Rooksby et al (2009) also highlight that one of the major problems associated with the use of social media is time wasting. The time spent by employees in social networking websites is not always productive, and this could lead to significant wasted time. Furthermore, there are also concerns about the privacy and confidentiality of information that is published on new media technologies, such as blogs and social networking websites. In workplace uses, there is a similar concern about the maintenance of confidentiality of information.
Cornelissen (2008, pg. 194) explains that new media technologies have served to blur the boundaries between internal and external communications. This means that the communications that would otherwise have remained within the organisation are sometimes disseminated outside the organisation.
The author contends that new media has indeed changed society, and consequently the nature of internal communications, as described by Popp (2009). As the world has become more and more globalised, this is reflected in the changes in society where people have friends and family all over the world. New media facilitates interaction between these people in far flung geographical areas.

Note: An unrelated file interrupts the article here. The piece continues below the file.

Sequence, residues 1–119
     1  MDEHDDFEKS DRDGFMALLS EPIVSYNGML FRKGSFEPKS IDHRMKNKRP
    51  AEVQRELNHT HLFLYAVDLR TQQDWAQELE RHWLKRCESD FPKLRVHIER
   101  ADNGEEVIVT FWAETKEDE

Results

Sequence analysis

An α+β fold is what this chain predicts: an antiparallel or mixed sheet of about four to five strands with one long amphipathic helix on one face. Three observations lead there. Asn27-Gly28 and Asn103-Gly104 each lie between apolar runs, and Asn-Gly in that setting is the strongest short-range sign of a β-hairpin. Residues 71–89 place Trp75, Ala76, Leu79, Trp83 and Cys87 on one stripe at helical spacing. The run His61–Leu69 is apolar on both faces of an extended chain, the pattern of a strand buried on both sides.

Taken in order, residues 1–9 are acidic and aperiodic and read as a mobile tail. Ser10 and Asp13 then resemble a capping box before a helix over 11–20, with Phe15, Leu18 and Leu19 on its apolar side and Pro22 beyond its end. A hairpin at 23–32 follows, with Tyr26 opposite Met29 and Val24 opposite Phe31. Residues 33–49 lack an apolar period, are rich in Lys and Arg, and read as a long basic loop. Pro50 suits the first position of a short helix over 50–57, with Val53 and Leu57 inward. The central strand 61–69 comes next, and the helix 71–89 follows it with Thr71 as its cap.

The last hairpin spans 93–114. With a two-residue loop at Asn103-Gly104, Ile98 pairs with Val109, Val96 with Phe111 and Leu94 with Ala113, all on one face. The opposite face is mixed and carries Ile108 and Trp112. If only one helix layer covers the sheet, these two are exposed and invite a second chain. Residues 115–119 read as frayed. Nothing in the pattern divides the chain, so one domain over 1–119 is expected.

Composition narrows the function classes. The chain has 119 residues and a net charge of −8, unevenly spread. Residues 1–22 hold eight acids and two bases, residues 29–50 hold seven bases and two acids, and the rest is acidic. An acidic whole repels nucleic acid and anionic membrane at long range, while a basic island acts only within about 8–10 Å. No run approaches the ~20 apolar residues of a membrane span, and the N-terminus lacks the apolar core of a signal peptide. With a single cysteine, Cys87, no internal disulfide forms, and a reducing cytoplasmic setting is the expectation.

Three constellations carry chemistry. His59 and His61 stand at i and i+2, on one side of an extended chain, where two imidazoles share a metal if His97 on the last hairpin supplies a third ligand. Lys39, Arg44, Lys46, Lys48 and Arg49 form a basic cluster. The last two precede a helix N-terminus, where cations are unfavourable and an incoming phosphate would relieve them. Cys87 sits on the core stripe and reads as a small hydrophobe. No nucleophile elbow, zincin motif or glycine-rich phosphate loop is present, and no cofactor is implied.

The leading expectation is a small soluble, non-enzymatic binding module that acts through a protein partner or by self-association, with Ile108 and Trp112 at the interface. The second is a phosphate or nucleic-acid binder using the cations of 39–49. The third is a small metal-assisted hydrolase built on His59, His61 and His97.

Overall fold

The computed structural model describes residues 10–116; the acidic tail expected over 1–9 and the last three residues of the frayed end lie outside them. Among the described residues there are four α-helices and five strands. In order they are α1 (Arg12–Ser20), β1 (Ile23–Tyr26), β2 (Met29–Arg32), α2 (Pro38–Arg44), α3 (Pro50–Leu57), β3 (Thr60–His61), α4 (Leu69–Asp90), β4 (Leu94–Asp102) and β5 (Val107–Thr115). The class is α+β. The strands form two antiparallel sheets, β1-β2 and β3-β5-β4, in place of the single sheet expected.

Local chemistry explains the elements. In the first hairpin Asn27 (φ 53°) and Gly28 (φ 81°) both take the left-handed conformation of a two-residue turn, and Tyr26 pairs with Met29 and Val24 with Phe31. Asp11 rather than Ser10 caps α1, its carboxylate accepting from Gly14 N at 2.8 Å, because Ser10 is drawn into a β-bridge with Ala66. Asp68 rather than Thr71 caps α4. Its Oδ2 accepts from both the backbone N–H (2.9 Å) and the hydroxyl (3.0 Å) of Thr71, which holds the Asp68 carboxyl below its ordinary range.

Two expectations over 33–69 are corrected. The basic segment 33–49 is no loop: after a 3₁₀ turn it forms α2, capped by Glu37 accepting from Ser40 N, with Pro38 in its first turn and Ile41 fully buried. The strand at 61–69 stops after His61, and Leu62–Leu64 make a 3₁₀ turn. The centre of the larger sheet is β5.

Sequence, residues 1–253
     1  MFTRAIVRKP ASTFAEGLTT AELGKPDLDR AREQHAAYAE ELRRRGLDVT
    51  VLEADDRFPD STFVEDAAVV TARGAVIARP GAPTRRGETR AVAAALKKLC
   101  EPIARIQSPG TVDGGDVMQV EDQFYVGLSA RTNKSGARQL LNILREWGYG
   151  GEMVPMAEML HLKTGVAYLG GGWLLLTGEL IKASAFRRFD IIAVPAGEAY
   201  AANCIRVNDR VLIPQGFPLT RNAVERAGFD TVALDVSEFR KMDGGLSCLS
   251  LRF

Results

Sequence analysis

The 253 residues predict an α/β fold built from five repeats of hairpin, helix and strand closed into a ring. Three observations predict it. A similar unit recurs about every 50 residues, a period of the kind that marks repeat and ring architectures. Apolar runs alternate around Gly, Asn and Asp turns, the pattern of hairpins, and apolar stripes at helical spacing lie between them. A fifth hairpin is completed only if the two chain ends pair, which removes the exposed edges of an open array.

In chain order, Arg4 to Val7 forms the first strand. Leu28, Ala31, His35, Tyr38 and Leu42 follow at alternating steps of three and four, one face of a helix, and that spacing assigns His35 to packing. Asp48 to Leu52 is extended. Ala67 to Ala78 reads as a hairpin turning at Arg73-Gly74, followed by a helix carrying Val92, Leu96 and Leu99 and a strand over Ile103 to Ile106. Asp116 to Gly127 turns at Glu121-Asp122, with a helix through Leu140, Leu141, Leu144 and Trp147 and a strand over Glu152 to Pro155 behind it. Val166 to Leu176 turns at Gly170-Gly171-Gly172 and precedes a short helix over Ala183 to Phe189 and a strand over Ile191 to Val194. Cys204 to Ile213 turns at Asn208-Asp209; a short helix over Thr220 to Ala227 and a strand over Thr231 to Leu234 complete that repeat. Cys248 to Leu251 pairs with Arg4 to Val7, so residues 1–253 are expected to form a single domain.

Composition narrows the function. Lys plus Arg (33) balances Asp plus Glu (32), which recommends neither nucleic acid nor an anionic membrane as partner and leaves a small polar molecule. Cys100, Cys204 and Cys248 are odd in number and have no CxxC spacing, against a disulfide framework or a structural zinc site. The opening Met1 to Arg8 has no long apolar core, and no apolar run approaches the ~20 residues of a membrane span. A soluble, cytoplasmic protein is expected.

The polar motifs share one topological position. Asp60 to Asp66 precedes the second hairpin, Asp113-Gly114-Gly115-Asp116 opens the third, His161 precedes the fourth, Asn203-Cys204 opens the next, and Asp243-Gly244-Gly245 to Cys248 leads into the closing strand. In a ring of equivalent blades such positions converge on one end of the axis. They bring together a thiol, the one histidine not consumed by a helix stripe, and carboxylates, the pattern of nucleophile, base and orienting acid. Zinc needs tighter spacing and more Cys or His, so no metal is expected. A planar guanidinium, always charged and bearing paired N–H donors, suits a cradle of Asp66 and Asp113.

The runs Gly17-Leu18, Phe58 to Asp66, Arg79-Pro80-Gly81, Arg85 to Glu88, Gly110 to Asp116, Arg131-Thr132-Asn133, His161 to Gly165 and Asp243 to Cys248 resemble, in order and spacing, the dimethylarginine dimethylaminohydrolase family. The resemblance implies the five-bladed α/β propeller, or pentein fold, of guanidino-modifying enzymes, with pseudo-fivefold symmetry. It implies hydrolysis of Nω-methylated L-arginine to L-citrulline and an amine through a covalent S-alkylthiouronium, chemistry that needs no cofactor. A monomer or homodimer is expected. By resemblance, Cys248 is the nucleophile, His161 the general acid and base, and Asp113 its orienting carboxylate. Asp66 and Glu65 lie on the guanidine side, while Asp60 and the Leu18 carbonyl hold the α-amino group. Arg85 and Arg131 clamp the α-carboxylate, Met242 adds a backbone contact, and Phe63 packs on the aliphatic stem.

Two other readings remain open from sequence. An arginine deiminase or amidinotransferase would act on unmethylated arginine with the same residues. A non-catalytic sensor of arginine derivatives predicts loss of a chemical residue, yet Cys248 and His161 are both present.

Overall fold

Herman and McChesney (2001) rightly state that communication is becoming more important in today’s globalised economy. Society is also changing, as it is becoming more open, democratic and activist in nature. New media has certainly been a facilitating factor to this change, but it is important to note that society itself could be said to have been ready for change. Without this, new media alone would not have been able to effect any change. The author opines that in line with these changes in the wider society, a similar change in internal communications (in the delayed adoption fashion) is also already occurring. New organisations tend to have a flat structure, which is more democratic. The use of social media for internal communications allows for the effective communication of employees in far flung geographical locations. A prime example of this is the organisation which supports one of the most well known open source databases in the world, MySQL. The employees in this organisation are scattered all over the world, and have to rely on new media for communication. The rise of democracy can be thought to coincide with the rise in organisations with a flat structure. For these reasons, it can be said that the changes inside the workplace mirror the changes in wider society to a large extent, with a delay. The new media does indeed bring a number of benefits to the corporate entity, just as they do to the wider society, such as creating relationships, enabling collaboration and communication, etc.